Watercress usually grows abundantly in most streams, but should never be picked from stagnant water or where there is agricultural run-off from pastures to avoid any danger of infection from liver fluke. Watercress is an exception to the rule of picking young fresh leaves - the older ones have far more flavour. Wash well before adding them to the salad - they go best with a fruity salad, e.g. mixed with apples or oranges, and nuts. Horseradish (Amoracia rusticana) too might be worth a dig once the ground is no longer frozen. Grated Horseradish mixed with sour crème, double cream, or crème fresh makes a bitey condiment for meats and fish. Those who like it hot might try the Universal Devils Mixture:

"…To devil the same (anything), rub each piece with the following mixture, having made a deep incision in any article of food that may be subjected to this Mephistophelian process. Put in a bowl a good tablespoonful of mustard, which mix with four tablespoonful of Chilli vinegar. Add to it a tablespoonful of grated Horseradish, two bruised shallots, a teaspoonful of salt, half ditto of salt, ditto of black pepper, and one of pounded sugar, two teaspoonful of chopped Chillies, if handy. Add the yolks of two raw eggs. Take a paste brush, and after having slightly seasoned each piece with salt, rub over each piece with the same, probing some into the incisions. First broil slowly and then the last few minutes as near as possible to the Pandemonium fire."

From 'The Culinary Campaign', Alexis Soyer, 1857

Or try it grated as a salad, along with grated apples and a little grated carrot, mixed with sour crème or crème fresh, season with a little salt and sugar.

Garlic Hedge Mustard (Alliaria petiolata), which can be found abundantly growing in hedges, combines a garlicky and mustard taste and is especially good early in the year before the leaves become too bitter. Shamrock or Wood Sorrel (Oxalis acetosa) is also an early spring herb which can be found in woodlands. The tender leaves have a refreshingly sour bite that can go well mixed among other salad herbs. However, the leaves contain oxalates, which can be irritating to the kidneys and thus should not be consumed in large quantities and should be avoided by those who suffer from any kind of kidney problems.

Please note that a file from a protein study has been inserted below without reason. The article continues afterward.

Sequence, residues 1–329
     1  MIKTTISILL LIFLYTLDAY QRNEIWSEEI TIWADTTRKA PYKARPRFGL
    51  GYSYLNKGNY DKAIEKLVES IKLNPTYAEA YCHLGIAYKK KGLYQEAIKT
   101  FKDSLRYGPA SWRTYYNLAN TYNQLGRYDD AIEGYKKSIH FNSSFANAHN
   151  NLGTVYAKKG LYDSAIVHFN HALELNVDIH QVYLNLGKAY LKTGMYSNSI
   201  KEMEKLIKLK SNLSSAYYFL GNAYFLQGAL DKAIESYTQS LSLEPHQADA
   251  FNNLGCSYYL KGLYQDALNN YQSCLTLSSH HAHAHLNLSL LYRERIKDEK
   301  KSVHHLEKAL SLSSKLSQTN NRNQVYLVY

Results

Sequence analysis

Another early harbinger of spring is the Lesser Celandine (Ranunculus ficaria) and both the leaves and rhizomes are edible. The leaves are rich in Vitamin C and the roots are starchy, though quite small and not especially tasty. Medicinally they can used to make an ointment for haemorrhoids.

There are many more herbs that could be mentioned here and their local availability largely depends on the climate and habitat. The plants mentioned above are common and can be found in hedges and meadows in the early spring in most temperate regions of the northern hemisphere.

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This Article was originally published in the Sacred Earth Newletter. The Newsletter is a FREE service containing articles, news and reviews on all things herbal and/or ethnobotanical, with an approximate publication cylce of 6 - 8 weeks. If you wish to subscribe, please use the subscription box to submit your e-mail address.


Please note that although all the references to edible and medicinal herbs are tried and tested, their efficacy cannot be guaranteed and has not been approved by the FDA. Furthermore, everybody responds differently to various plants, and adverse reactions cannot be ruled out. Historical information regarding poisonous plants is included for educational purposes only and should not be tried out at home. Everybody uses herbs at their own risk and thus must make themselves fully aware of their potential power. Any information given here is educational and should not replace a visit to the doctor should this be necessary. Neither Sacred Earth nor Kat Morgenstern accepts responsibility for anybody's home experimentation. Links to external sites are included as pointers to further resources - we do not endorse them or are in any way responsible for their content, nor do we thus verify that their content is accurate.